Computers & Electronics

A Cyborgic Christianity Transhumanism and the Tacit Dimension

Anyone who carefully pays attention to the arc of western cultural thought and practice since the rise of modernity will discern a progressively intensifying and spreading pursuit of abstractions as the most trusted means of representing the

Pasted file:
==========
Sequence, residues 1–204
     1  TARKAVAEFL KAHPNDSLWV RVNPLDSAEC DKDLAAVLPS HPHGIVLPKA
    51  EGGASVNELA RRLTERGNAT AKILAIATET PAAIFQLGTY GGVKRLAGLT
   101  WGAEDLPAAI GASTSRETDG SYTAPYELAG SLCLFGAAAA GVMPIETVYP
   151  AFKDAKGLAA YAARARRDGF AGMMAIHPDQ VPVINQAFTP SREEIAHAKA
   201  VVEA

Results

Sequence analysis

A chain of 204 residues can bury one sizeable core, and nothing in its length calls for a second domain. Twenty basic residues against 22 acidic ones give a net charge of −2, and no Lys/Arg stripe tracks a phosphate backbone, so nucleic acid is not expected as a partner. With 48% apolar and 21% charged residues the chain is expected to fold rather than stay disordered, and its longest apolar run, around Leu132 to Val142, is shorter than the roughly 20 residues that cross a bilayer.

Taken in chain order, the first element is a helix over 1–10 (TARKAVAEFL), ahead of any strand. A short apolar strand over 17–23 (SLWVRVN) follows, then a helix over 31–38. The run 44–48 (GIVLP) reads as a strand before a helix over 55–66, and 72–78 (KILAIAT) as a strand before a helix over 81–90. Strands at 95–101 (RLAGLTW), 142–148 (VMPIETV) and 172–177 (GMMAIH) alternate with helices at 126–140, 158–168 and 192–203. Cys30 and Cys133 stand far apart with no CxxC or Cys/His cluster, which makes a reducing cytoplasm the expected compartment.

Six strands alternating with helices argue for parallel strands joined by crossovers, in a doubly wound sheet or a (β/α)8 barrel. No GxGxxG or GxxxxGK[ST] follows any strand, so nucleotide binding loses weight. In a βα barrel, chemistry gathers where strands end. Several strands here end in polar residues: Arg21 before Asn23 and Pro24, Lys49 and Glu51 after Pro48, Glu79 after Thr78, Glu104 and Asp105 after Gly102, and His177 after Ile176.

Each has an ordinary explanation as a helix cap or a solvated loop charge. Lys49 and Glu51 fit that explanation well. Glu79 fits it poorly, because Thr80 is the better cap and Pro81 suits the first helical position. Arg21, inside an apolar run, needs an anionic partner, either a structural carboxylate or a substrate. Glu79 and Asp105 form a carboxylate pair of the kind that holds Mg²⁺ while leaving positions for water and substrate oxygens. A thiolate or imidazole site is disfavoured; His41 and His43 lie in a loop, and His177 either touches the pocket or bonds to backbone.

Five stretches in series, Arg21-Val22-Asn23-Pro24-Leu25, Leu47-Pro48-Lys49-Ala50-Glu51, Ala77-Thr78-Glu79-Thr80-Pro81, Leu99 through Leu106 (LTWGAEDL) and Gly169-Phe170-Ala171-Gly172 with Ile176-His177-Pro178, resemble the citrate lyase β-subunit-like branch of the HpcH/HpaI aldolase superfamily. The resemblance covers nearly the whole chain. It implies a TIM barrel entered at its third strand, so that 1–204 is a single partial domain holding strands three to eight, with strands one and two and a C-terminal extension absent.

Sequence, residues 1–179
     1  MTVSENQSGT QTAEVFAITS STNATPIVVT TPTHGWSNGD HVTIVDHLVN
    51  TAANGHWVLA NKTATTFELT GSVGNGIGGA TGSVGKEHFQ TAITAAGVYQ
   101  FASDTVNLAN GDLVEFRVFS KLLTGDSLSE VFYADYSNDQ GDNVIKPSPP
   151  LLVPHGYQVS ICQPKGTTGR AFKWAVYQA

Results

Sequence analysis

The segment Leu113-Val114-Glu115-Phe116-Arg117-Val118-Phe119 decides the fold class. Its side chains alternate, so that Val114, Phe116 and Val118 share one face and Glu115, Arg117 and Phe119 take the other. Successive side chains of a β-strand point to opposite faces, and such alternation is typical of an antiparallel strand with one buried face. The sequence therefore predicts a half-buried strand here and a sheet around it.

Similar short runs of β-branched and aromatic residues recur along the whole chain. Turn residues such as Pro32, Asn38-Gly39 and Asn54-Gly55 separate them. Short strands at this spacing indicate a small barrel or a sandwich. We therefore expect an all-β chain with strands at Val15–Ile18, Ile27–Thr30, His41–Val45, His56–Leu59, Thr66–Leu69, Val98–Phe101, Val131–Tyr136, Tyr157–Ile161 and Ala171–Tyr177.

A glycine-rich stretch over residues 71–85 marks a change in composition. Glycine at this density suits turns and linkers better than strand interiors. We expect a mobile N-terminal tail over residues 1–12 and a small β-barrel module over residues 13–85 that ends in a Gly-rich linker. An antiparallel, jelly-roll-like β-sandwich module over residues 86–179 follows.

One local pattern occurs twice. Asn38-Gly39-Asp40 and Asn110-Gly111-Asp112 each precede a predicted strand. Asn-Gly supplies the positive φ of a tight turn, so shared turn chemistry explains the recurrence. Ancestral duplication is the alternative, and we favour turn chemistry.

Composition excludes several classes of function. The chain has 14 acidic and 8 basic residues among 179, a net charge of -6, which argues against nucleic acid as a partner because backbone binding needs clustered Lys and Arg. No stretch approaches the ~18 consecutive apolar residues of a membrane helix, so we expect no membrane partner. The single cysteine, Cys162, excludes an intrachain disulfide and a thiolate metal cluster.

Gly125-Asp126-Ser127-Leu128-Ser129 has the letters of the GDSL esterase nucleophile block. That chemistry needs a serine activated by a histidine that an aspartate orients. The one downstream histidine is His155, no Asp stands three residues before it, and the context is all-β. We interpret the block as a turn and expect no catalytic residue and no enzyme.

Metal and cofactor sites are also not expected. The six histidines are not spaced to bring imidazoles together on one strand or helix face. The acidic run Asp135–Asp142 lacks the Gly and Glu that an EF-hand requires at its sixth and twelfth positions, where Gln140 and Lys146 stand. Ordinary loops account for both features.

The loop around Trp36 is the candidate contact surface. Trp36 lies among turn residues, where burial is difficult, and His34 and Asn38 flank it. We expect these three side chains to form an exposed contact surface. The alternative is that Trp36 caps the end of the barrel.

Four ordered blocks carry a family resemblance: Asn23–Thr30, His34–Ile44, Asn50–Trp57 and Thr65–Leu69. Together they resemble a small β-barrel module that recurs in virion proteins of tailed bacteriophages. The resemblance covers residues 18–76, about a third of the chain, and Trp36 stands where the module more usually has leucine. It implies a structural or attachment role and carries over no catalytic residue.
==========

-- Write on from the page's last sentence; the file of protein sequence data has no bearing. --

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  1 Anyone who carefully pays attention to the arc of western cultural thought and practice since the rise of modernity will discern a progressively intensifying and spreading pursuit of abstractions as the most trusted means of representing the realities of nature and accessing their truths. Modern science’s rise out of the so -called “ premodern age of Faith ”  was significantly propelled by epic acts of abstraction from the meaning-laden and quality-saturated medieval cosmos. By bidding farewell to the cozy and reassuring medieval cosmos** and embracing the cold and abstract world picture of an infinite universe, rife with inert atoms in mechanical motion, the West acquired unprecedented capacities of explanation, prediction, and control of the vicissitudes of m atter’s ceaseless permutations .** The increases in our power to intellectually grasp and materially control nature eventually brought with it stupendous gains in human standards   of living for a good portion of Earth’s growing population . Yet, in recent decades, it has dawned on many that these improvements in material standards of living  came with an unanticipated price: viz ., a rather steep and almost unbearable reduction of the existential meaningfulness of life.  Interestingly, our contemporary response to this rising awareness of disenchantment is not to question the spirit of abstraction that has dominated the West since the rise of modernity, but rather to push modernity even further in the direction of abstraction and the quantitative. The idea seems to be that by further  2 intensifying these tendencies of modernity, we  —  through a judicious deployment of emerging technoscience  —  will gain ultimately the capacities to reenchant the world with qualities, values, and meanings of our own  choosing. Enter the hyper  - modern movement called “transhumanism” with its enticing promises not only of technologically upgrading our standard of living beyond all imagining, but also of engineering an incalculable increase of the quality and meaning of our lives!  —  more about this later. Since the rise of information sciences in the 1940s, our fondness for abstractions has expressed itself most emphatically in a number of cultural domains: f  or example, our culture’s growing preference for **digitality over analogue, for algorithm over observation, for informational effigies over empirical realities, and for data-structures over concrete physical presences. This obsession with bloodless abstractions finds its ideological epicenter today in a computational variant of functionalism that has dominated the cognitive sciences for the last four decades.**3 Quite generally, the cognitive sciences view the mind as essentially an information processing software running in, on, and through the brain’s neuronal connectivity, which both receives input from the hardware peripheries of the  body’s senses  and which also outputs commands to the body’s hardw are motor peripheries. Computational functionalism provides the conceptual sub-structure upon which most articulations of transhumanism directly rely. But before we turn  3 to transhumanism, let’s first take a closer look at a couple more manifestations of our abstractive impulse and data fetish. EXAMPLES OF THE ABSTRACTIVE IMPULSE IN TODAY’S WESTERN CULTURE** There is a vast array of de-materializations progressively intensifying within our cultural horizons  —  a reality that cannot be separated from the ruling abstractive impulse that has biased the West’s ontological assumptions and epistemic aspirations since its Copernican revolution in the 16 th  century. Perhaps the most obvious example of this abstractive impulse for us today is in the social sphere** . **3How many of you remember when “Face time” didn’t mean enclosure** in FB connectivity but meant real-time face-to-face embodied vulnerable and intimate I-Thouing in a common space with another in-the-flesh-person whose body you could see, hear, smell, taste, and touch. Some of you might even remember how space and time used to feel when, owing to the prohibitive cost of long-distance calling, you had to use paper and pen and physically travel to the all-too-material postal system to communicate to a distant loved one. In just the last few decades our social lives have become remarkably more and more digitally mediated and abstracted from real embodied presence. Another example of recent steps toward abstract de-materialization in our culture can be found in its** economic  transactions. Long ago we used to barter  4 face-to-face relying heavily on body-language to determine our offers and counter offers, and we bartered for specific material  objects bearing specific use and experiential values. Today, money has completely shed materiality and become abstract symbols, mere binary digits sent at the speed of light from financial institution to financial institution such that the difference between making a killing or a bust on the stock market** is often determined by millisecond- perhaps even nano-second differences in information transfers**. Modern** warfare too  is abstracted from the actual field of battle, no longer conducted through person-to-person engagements on foreign territories where real blood is spilt in real presence. Now** training, reconnaissance surveillance, and battle are conducted via virtual effigies that allow some of the most determinative aspects of warfare to take place on home turf in the safety of office cubicles, making war more like a video game than the bloody insanity it has always been.** Examples of this trajectory away from “It to Bit”, from real material presence to informationally de-materialized virtual effigies could be multiplied almost endlessly. But I want to offer only one more example of the abstractive impulse which I suspect is the remote prime mover behind the various de-materializations I just briefly surveyed.  5 Ironically enough, the momentum of modern  materialist  science ’s  srcinal abstractive moves of replacing geocentrism with heliocentrism, a stationary earth with an orbiting earth, a lifeworld of concrete meanings with impersonal physical forces, the qualitative experiences of our senses with technologically mediated quantitative measurements, etc., have all inclined the West toward the de -materializations upon which our so-called  Information  Age is built. Most recently, our sciences have become even more intensely beholden to abstractions and allergic to matter, positioned as they are not merely to represent concrete material realities with abstractions, but now to erase entirely the ontological barrier separating material reality from its virtual simulations.** An easy way to track this tendency ’s intensification ove r the past five centuries is simply to trace the ideas about matter and its place in early modern physics to the ideas operative in today’s physics. Descartes**  sought to reduce matter to mere extension in order to make the world amenable to the abstractions of geometry, then came Newton’s**  immaterialization of gravity with its action at a distance and his claim that material bodies are God-determined quantities of extension, then Maxwell**  helped replace hard massy atoms with ephemeral fields and waves, and more recently Einstein’s ** mass-energy equivalence, quantum physics’**  collapsing of wave- functions, high energy** cosmology’s dark matter** , and most recently digital physics**  with its computational paradigm